Southfield hopes Target demolition can lead to revival

Mike Martindale
The Detroit News

Southfield — Officials gathered Thursday at Northland Shopping Center for the ceremonial start of demolition of the former Target building to pave the way for redevelopment of the 125-acre shopping destination.

The city of Southfield bought the mall, at Eight Mile and the Lodge freeway in October 2015 for $2.4 million. The site is under consideration by Amazon for its second headquarters and at least three health providers, officials said Thursday.

The iconic mall opened in 1954 and was once the largest mall in the world, drawing customers, helping to triple the city’s population, and drawing business and offices to Southfield.

“We did not want this to be a blighted site like others in the metro area,” Southfield Mayor Kenson Siver said. “We have prevented decay, graffiti and metal scrapping.”

Siver said “like other Metro Detroiters” he was sorry to see the mall close but due to numerous factors, including changing consumer tastes, it was a foregone conclusion.

“There was no viable offers for the property as is,” Siver said before joining other officials in taking a few ceremonial sledgehammer swings at a wall of the Target store. “So this was a good plan, working with the (Downtown Development Authority).”

“We know that retail has changed and you can either be paralyzed or move forward in a way to develop a site,” the mayor said.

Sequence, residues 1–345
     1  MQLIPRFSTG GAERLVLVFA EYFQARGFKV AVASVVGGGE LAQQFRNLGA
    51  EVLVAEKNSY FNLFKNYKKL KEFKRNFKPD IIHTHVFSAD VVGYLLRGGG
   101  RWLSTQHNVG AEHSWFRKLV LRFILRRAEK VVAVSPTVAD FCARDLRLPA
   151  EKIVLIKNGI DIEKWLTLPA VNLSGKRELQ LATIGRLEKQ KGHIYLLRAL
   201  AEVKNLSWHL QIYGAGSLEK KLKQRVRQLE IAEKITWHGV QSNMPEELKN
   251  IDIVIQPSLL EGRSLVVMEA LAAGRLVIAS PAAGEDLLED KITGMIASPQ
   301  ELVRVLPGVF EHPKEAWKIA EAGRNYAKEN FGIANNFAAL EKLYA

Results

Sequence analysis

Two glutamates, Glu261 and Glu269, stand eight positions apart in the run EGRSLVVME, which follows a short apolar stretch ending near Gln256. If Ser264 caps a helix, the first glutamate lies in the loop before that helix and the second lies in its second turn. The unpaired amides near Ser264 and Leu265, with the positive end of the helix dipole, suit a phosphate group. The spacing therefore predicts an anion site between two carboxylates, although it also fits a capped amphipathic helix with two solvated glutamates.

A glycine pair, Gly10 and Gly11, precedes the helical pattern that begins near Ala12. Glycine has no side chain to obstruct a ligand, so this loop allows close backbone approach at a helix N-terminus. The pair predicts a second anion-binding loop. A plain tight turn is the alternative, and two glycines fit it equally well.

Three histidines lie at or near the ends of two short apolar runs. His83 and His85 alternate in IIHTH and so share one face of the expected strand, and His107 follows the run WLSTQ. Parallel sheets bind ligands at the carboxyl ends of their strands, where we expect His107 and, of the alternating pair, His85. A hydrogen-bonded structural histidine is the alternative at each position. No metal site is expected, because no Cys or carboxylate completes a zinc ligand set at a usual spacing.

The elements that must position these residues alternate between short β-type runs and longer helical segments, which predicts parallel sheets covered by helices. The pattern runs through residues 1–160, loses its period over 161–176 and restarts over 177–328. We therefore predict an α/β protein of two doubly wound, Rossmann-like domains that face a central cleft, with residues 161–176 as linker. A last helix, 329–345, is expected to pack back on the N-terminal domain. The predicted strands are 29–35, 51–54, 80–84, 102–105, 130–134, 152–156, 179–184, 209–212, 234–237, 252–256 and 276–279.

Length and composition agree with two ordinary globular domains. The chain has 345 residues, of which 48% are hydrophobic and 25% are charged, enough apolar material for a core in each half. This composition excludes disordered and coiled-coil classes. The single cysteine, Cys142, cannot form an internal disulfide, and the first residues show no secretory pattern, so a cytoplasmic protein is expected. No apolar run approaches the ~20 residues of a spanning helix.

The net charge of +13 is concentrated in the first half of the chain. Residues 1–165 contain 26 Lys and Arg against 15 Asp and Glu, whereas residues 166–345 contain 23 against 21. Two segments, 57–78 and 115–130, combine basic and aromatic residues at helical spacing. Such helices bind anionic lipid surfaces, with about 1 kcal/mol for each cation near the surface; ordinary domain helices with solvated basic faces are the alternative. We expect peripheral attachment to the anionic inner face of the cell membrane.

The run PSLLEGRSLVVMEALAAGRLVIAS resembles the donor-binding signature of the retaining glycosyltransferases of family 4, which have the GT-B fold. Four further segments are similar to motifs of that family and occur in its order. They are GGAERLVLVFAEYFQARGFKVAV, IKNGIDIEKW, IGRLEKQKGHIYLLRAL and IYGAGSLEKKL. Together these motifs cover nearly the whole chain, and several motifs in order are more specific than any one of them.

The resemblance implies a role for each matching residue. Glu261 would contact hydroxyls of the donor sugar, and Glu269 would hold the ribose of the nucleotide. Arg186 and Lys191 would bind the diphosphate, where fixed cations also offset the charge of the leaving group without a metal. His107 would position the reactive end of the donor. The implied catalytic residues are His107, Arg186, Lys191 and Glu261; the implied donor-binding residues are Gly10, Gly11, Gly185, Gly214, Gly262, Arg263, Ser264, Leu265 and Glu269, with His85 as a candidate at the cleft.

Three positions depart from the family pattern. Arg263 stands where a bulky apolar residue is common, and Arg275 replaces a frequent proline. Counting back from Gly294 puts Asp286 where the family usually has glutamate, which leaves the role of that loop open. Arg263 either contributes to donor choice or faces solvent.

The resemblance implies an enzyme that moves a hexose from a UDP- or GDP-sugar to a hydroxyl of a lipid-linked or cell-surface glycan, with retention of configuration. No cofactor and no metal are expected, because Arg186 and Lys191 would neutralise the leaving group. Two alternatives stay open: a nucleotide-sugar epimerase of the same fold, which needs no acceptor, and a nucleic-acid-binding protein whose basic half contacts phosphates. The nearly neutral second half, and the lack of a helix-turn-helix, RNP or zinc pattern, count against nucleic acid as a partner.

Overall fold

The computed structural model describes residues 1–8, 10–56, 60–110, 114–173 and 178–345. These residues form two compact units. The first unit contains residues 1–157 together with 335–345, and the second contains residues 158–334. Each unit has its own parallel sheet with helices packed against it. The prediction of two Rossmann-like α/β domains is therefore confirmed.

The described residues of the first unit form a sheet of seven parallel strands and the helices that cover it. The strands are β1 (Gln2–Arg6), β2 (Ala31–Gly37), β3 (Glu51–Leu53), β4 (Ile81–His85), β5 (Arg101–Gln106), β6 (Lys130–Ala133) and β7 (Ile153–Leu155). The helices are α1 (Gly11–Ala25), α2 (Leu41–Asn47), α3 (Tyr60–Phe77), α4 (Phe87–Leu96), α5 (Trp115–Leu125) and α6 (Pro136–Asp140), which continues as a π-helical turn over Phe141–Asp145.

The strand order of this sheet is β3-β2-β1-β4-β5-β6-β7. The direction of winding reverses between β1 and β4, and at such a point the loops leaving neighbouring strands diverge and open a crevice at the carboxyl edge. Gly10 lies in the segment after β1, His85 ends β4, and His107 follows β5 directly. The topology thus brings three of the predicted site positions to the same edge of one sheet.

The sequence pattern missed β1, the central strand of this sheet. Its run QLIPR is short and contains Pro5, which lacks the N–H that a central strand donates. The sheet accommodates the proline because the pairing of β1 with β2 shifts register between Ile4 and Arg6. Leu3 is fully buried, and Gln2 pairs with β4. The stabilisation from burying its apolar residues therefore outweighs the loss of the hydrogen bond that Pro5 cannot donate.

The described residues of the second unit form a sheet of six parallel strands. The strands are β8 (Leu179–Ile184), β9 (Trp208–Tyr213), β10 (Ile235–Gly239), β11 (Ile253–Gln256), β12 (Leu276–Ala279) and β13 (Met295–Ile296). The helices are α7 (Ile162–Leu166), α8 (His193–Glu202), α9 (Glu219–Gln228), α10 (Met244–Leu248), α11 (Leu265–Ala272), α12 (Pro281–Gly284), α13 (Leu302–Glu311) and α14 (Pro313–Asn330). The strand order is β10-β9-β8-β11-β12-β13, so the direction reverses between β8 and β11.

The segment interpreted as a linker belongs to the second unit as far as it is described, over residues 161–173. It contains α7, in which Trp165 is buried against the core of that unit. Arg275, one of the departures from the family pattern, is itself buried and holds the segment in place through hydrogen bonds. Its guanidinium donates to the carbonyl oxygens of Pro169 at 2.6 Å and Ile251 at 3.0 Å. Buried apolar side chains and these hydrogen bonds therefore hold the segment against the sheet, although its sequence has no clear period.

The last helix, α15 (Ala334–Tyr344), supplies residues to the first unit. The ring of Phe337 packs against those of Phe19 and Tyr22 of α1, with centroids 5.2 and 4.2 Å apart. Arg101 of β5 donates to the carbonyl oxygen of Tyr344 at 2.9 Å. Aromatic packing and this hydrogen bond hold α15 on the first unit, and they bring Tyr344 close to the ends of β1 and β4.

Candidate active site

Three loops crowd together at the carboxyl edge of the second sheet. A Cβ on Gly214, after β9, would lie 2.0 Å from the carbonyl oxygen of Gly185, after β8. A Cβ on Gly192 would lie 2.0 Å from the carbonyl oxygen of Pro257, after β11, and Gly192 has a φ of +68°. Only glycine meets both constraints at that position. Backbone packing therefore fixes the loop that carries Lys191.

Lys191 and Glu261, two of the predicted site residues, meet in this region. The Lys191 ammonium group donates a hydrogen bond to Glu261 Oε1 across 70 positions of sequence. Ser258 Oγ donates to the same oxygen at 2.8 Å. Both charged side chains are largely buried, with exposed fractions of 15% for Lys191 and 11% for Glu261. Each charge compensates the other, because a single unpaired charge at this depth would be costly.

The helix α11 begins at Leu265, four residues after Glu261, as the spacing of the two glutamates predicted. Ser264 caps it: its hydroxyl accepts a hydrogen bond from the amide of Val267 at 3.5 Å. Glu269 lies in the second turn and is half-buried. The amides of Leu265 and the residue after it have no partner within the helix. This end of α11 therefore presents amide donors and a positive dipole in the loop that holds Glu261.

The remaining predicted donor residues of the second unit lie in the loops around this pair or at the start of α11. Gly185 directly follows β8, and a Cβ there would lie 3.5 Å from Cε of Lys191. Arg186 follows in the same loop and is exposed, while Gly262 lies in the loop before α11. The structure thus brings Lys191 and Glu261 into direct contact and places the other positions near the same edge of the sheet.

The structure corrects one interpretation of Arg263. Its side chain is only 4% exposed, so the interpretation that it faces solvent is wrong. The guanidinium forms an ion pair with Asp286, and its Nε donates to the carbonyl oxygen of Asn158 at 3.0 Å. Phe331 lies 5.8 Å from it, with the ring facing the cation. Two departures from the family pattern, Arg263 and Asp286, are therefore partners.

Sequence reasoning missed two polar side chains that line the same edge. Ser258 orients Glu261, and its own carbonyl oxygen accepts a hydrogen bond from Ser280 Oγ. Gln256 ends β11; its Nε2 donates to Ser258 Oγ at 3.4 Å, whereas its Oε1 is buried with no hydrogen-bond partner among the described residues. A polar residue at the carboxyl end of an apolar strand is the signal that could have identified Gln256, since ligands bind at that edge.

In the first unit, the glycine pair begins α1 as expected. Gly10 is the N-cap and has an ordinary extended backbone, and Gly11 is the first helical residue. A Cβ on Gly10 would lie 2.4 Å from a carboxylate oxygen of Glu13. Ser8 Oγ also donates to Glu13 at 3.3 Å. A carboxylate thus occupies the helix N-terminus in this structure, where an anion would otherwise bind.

The city’s master plan for the site involved a mixed use of office, research and development and housing of up to 1,000 residences.

They tout that the mall property is a “brownfield” containing all the needed infrastructure, including utilities, acres of parking and access to freeways. It also contains about 80,000 square feet of storage and tunnels beneath the site that should be valuable to a developer.

City Council president Myron Frasier described Thursday as “a great day for tearing down a building.”

“This is part of the rebirth of the city of Southfield and keep us ‘in the center of it all,” said Frasier, referring to the city’s slogan.

City Administrator Fred Zorn was excited at the teardown of the Target building, which is expected to take about two weeks, followed by the demolition of the Firestone building. Further demolition of the mall is planned to begin in spring 2018.

“There has been strong interest in the site, including three medical groups looking at it,” said Zorn. “A lot is happening behind the scenes.”

Zorn said the community has a rare opportunity – one that comes along “every 50 to 60 years” – to reinvent itself.

“We have submitted what we have to offer to Amazon and hope they give it strong consideration,” Zorn said. “I don’t know how they could duplicate this somewhere else. But we are ready to move forward – whether it is Amazon or something better.”

Siver said officials are working to restore at least part of the former Hudson’s department store for other purposes – possibly storing artwork salvaged from the mall before it closed.

“My hope is that economy stays strong so we can develop it sooner rather than later,” said Siver. “It will not be a mall. It will be mixed use …We know good things are going to happen.”

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